Bowyer-Watson Algorithm

Here we will give a description of the Bowyer-Watson algorithm. This algorithm is the algorithm used by triangulate.

The main idea behind the algorithm is to insert points one at a time, deleting triangles at each step whose circumcircles contain the point to be inserted, then repairing the cavity. We give the procedure in steps below.

  1. First, using initialise_bowyer_watson, we need to define the initial triangle. This triangle will be the first three points in the provided point_order (which is, by default, just a random permutation of the point indices - see the point_order keyword argument in triangulate_bowyer_watson and the get_point_order function). If these first three points are collinear, we do a circular shift of the point order until we get a non-degenerate triangle. See get_initial_triangle. At this step, we also reset the representative points field of the triangulation and initialise it with DelaunayTriangulation.BoundaryIndex mapping to the centroid of this initial triangle.
  2. Once the initial triangle is selected, we move into _triangulate_bowyer_watson, where we loop over each point and add it in one at a time. In this loop, we start by selecting the initial point to start the jump and march algorithm at, making use of select_initial_point. Since points are added in one at a time, and a user's insertion order may often have points that are close together both in the order and in space, the try_last_inserted_point keyword argument is useful here in case we can start right next to the new point. With this point selected, we move into actually adding the point via add_point_bowyer_watson!.
  3. The add_point_bowyer_watson! starts by using jump_and_march to find a triangle containing the point. The idea is to then find all triangles whose circumcircles, i.e. the circle through the three points of the triangle, contain this new point. These points need to be deleted since, by definition, these triangles are no longer Delaunay. This is done via a depth-first search, where we take the triangle we are currently in and step over its three edges into three new triangles, done via the recursive function dig_cavity!. If the new triangle also contains the point in its circumcircle, we delete it also, and we keep stepping. We stop at any triangles that don't contain the point in its circumcircle. Once we have stopped, we take the edge we did not step over and connect it with the new point, giving us a new triangle.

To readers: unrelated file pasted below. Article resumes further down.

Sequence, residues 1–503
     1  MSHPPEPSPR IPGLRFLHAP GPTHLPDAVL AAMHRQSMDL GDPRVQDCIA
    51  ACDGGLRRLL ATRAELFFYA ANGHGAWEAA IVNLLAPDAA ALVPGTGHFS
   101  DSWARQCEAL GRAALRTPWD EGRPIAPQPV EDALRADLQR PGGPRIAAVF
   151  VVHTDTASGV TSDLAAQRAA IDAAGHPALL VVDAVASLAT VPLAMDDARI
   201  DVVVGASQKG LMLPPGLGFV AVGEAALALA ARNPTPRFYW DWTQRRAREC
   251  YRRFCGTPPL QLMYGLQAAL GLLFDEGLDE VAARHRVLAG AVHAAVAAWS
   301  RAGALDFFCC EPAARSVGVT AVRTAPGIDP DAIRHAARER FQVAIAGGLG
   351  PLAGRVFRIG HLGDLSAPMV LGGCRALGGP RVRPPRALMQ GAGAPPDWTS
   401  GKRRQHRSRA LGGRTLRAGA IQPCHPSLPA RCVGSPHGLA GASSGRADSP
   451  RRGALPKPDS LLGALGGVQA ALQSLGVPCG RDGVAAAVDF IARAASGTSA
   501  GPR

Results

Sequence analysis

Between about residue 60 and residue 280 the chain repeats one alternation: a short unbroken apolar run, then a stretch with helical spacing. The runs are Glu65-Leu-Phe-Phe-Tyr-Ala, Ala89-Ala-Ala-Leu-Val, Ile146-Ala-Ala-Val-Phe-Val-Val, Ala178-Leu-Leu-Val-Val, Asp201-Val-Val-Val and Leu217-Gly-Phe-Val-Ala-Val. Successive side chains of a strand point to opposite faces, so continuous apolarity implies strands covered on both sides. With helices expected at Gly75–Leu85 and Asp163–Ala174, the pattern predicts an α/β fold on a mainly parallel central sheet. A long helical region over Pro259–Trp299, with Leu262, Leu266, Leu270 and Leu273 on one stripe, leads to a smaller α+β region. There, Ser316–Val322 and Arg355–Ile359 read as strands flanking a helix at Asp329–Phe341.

4. Still in add_point_bowyer_watson!, an important case to consider is when the point we find is directly on the triangle we found. This does not cause any problems with dig_cavity!, but it may cause issues with how we update the boundary, so not only do we check if the point is on the triangle, but we also check that the triangle is either a boundary triangle or a ghost triangle (meaning the edge is on the boundary). If this is the case, then we find the edge of the triangle that the point is on with find_edge, and split the edge in half at the point, placing the new point correctly on the boundary and giving two new triangles.
  5. Lastly, still in add_point_bowyer_watson!, we use update_centroid_after_addition! to update the centroid of the points with the new point.
  6. Steps 2–5 are repeated for each new point, until we have finally added all points. Once this is done, we compute the convex hull of the points with convex_hull!, stepping over the boundary using the ghost triangles from the triangulation to get all the boundary nodes efficiently.
  7. Next, if the keyword argument recompute_representative_point is true, we can give a better representative point for the central part of the domain than the centroid by computing the pole of inaccessibility. This is done with compute_representative_points!.
  8. Finally, to clean up, we can delete all ghost triangles (if the keyword argument delete_ghosts is true) with delete_ghost_triangles!. Then, if the keyword argument delete_empty_features is true, we can delete all keys from the Adjacent map that map to empty values with clear_empty_features!, which would also clean up empty sets from the Adjacent2Vertex map and empty neighbourhoods from the Graph.

Modifications for a constrained Delaunay triangulation

The Bowyer-Watson algorithm requires two modifications for adding points into a constrained Delaunay triangulation. The modifications are:

  1. Avoid walking over any constrained edges when performing the depth-first search.
  2. If a point is added onto a constrained segment, split the segment in two and perform the depth-first search on each side of the segment.

With just these two modifications, the algorithm works.